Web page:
• Intersex – some people are born with chromosomes, hormones, genitalia and/or other sex characteristics that do not conform to standard definitions of male or female; approximately 1% of the population is intersex.

Coming out when someone tells others of their sexual orientation, gender identity, intersexuality, or any particular part of their life that may be met with rejection and violence. It is not a single event; it is a life-long choice in each new situation. Some people are “closeted/stealth” in some situations and “out” in others. 

LGBT Journals

  • Canadian Online Journal of Queer Studies in Education
    "The Canadian Online Journal of Queer Studies in Education was created to provide a forum for scholars, professionals, and activists to discuss queer topics in education and the social sciences in the Canadian context. For the purposes of this journal, the term education is understood broadly, to include all levels of education in every discipline. This journal is devoted to supporting and disseminating research and theory that promotes social justice for all queer people, including lesbian, gay, bisexual, queer, intersex, two-spirited and trans-identified people."
  • Journal of GLBT Family Studies
    "The Journal of GLBT Family Studies is the first journal to address the unique experiences of lesbian, gay, bisexual, transgender, and queer individuals in the context of the family. The journal publishes original research, as well as theoretical and review papers on topics exploring the impact of sexual orientation and gender identity on all aspects of family experience – including family structure, relationships, communication, therapy, and functioning."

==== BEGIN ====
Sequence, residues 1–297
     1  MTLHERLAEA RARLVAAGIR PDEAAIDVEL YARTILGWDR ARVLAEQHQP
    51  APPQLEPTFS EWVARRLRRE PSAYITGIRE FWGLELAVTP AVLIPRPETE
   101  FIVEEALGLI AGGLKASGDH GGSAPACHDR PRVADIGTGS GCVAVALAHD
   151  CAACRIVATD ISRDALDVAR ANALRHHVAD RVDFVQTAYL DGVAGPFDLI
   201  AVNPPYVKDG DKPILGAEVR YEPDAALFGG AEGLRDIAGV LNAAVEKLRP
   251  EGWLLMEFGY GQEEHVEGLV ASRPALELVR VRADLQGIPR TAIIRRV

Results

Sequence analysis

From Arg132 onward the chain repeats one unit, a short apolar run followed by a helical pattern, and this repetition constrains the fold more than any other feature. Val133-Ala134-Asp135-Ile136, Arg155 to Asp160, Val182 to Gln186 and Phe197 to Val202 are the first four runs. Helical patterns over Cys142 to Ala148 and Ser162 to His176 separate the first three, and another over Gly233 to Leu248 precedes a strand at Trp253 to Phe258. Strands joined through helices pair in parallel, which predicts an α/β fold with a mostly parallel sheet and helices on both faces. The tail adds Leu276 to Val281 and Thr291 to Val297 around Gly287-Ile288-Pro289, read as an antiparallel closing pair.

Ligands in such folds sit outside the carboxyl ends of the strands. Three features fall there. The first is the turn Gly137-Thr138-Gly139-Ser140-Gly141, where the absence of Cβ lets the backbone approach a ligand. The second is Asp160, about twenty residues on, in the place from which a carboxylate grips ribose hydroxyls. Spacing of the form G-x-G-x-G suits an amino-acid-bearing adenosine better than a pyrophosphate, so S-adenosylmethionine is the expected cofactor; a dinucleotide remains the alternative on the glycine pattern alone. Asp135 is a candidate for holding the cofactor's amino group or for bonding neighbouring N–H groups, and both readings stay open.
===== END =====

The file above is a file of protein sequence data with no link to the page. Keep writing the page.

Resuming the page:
• Journal of LGBT Issues in Counseling
    "The Journal of LGBT Issues in Counseling provides a professional forum for research, best practices, and emerging trends and issues relating to counseling the GLBT community. Rather than narrowing the focus on a particular approach for treatment or a specific topic, this journal encompasses all aspects of LGBT counseling for youth as well as adults—with attention to the prevention of problems and the fulfillment of human potential at all stages of life."
  • Journal of LGBT Youth
    "The Journal of LGBT Youth is the interdisciplinary forum dedicated to improving the quality of life for lesbian, gay, bisexual, transgender, and questioning youth. This quarterly journal presents peer-reviewed scholarly articles, practitioner-based essays, policy analyses, and revealing narratives from young people. This invaluable resource is committed to advancing knowledge about, and support of, LGBT youth."


Cover Art
Our bodies, ourselves : a new edition for a new era - The Boston Women’s Health Book Collective
Call Number: WP 120 N532 2005

Cover Art
The Handbook of Lesbian, Gay, Bisexual, and Transgender Public Health - Michael D. Shankle
Call Number: WA 300 H236 2006